Place of incretin-based therapy
The rationale for using incretin-based therapy can be listed as:
to achieve efficacy of treatment
to ensure safety of treatment
to provide tolerability of treatment
Incretin-based therapy can be used as a
Substitute for other OHAs
Add-on to other OHAs
Substitute for insulin??
Add-on to insulin
This mode of therapy can be also be used in special situations such as:
Cardiovascular disease with diabetes
congestive cardiac failure
impaired glucose tolerance
The different methods of using incretin-based therapy have been studied for all available drugs.
The evidence in favour of using DPP (IV) inhibitors or GLP-1 analogues as substitute for other OHAs, or as add-on to them, is robust (7,8,9).
Vildagliptin, saxagliptin and sitagliptin have been studied as monotherapy and found to reduce HbA1c effectively, with minimal adverse effects. Liraglutide and Exenatide can also be used as monotherapy in uncontrolled diabetes mellitus.
These drugs can also used as add-on therapy in patients taking metformin, pioglitazone/rosiglitazone or glimeperide.
The addition of incretin-based therapy to pre-existing oral therapy leads to improvement in HbA1c, without major adverse effects.
Equally robust is the evidence in favour of adding DPP (IV) inhibitors to insulin.
Vildagliptin, saxagliptin and sitagliptin can be added to pre-existing insulin therapy.
However, there are no studies yet to support the use of GLP-1 analogues in combination with insulin. It must be noted that anecdotal evidence is available, to support this method of use.
There is no rationale in using DPP (IV) inhibitors or GLP-1 analogues as a substitute for insulin therapy and leading endocrinologists caution against this .
Incretin-based therapy may be useful in impaired glucose tolerance, as it does not cause hypoglycemia.
It may also be of special benefit in cardiovascular disease, because of its pleiotropic effects on the vascular and myocardium.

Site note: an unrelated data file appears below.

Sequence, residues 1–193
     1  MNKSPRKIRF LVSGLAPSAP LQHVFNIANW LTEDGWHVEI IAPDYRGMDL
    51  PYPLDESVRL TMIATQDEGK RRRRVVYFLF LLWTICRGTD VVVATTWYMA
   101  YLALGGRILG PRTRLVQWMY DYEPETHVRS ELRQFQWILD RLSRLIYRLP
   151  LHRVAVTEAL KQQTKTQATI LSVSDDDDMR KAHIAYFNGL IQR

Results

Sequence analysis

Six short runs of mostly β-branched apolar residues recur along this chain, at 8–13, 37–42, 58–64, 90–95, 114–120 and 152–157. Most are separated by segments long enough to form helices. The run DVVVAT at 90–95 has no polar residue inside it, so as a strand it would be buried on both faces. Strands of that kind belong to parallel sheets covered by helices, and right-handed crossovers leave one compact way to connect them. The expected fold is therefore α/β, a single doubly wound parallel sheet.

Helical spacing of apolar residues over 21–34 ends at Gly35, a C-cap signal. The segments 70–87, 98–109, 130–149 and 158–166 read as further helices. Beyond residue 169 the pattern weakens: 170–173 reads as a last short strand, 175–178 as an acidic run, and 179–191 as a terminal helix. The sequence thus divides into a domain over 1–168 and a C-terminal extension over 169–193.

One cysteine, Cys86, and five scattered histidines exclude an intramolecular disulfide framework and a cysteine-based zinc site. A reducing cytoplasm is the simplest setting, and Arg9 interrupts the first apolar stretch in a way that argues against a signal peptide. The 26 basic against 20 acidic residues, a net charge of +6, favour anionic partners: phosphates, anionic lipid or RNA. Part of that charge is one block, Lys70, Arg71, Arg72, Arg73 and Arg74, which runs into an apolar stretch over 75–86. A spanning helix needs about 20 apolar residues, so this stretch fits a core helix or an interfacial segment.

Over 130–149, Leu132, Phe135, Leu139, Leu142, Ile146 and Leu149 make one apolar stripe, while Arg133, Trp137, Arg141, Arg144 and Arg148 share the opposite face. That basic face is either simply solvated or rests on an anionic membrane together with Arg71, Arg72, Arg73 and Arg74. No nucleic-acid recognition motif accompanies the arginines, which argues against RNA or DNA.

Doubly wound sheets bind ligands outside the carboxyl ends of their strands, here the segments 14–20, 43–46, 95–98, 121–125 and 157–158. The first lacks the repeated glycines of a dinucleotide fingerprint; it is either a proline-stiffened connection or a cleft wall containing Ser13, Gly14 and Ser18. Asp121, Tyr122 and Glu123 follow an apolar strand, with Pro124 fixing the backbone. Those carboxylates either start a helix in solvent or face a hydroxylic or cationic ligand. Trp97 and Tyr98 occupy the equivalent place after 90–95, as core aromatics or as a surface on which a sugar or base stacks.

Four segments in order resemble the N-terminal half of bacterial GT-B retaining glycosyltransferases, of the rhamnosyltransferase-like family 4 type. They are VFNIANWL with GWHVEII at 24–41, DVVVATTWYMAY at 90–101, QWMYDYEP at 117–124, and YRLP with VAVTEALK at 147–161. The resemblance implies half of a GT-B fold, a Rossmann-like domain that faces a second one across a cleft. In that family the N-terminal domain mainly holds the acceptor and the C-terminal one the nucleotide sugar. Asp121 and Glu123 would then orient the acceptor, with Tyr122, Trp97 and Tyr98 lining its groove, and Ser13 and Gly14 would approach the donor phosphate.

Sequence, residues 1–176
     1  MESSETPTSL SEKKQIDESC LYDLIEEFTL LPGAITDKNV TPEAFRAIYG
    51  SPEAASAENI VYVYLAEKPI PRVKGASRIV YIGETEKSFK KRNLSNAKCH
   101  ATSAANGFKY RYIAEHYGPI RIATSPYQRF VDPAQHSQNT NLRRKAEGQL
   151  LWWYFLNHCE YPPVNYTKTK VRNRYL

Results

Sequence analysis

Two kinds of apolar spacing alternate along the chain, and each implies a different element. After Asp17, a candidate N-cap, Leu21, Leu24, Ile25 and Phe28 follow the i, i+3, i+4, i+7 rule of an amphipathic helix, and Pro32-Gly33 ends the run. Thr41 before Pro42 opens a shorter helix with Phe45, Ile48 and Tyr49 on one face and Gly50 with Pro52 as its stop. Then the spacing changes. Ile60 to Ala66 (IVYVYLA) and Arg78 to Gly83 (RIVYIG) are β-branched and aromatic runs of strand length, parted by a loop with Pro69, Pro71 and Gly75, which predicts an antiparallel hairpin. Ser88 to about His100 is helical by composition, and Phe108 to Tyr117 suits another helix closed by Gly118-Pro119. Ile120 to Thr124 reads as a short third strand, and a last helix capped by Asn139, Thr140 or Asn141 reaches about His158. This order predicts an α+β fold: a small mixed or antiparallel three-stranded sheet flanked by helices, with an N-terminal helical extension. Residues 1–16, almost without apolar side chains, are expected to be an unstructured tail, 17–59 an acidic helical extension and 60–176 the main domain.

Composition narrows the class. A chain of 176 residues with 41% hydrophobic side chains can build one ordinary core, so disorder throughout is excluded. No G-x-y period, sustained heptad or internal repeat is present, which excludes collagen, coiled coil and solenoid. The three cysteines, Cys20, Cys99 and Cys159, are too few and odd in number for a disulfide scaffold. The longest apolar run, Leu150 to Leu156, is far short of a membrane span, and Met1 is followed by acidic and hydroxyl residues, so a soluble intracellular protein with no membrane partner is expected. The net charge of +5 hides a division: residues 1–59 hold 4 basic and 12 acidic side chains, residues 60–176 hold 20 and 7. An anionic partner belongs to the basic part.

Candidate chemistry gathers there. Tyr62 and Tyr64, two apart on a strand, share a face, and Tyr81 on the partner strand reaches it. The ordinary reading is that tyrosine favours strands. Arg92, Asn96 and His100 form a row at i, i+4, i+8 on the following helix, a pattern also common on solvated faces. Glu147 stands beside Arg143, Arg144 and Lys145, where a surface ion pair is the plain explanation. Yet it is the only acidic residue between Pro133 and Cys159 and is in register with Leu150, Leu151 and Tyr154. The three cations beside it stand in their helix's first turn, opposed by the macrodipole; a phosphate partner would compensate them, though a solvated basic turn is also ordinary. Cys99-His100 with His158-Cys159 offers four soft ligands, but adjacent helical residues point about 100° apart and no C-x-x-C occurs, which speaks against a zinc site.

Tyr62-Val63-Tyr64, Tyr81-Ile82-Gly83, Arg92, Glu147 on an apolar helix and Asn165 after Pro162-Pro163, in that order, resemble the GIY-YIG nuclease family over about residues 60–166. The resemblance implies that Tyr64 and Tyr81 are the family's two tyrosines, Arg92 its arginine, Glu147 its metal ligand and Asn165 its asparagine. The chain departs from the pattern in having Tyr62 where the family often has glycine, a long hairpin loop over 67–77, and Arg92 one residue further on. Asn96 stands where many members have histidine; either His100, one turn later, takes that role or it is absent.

DPP (IV) inhibitors can be used safely in mild renal failure, with appropriate dose adjustment. Both DPP (IV) inhibitors and GLP-1 analogues might have beneficial effects in diabetic diarrhea, as they slow gastric emptying,
Incretin-based therapy seems to be more effective in elderly patients, who also benefit from the case of administration, and favorable safety/tolerability profile of these drugs.
There is also a rationale for using GLP-1 analogues in obesity, and all incretin-based therapies in impaired glucose tolerance. These indications are still under investigation.
The advent of incretin-based treatment has marked a paradigm shift in the posology of anti-diabetic drug therapy. Traditional treatment, whether oral or injectable, is characterized by complex dose titration regims, making it difficult for general practitioners to use these drugs safely.
Incretin-based drugs, on the other hand, have fixed doses, with simple dose titration to be done for renally-impaired patients. This makes it easier for physicians to use and prescribe.
Exenatide use is associated with a high incidence of nausea and vomiting. This side effect is seen less often with liraglutide, and is usually transient.
The (DPP IV) inhibitors do not exhibit gastrointestinal side effects. Commonly noticed adverse events are upper respiratory infection and headache.
In general, the tolerability and safety profile of liraglutide and DPP (IV) inhibitors in good.
Appropriate use of incretin-based therapes implies that one should be aware of their limitations, risks contraindications.
Incretin-based treatment is contraindicated in type 1 diabetes, in ketonuria, in pregnancy and lactation. Sitagliptin should be avoided in severe renal failure while vildagliptin should not be given in hepatic failure. Patient with gastrointestinal autonomic neuropathy in the form of gastro paresis may experience worsening of symptoms.
Recent data has highlighted the differences in response of various ethnic groups to anti-diabetic medications, increasing interest in ethnopharmacology of diabetes. Racial differences have been noted in GLP-1 levels of African Americans and Caucasians (10,11). Anectodal evidence is available about the higher sensitivity of Asian patients to incretin-based therapy. While no data is available on GLP-1 levels in Asian people, research on this aspect of ethnopharmacology should reveal interesting results.
Incretin-based therapy represnts a major breakthrough in the management of type 2 diabetes mellitus. Appropriate use of these drugs, placing them in the correct clinical settings, will help patients achieve effective glycemic control, and enjoy potential pleotropic benefits, in a safe and well tolerated manner.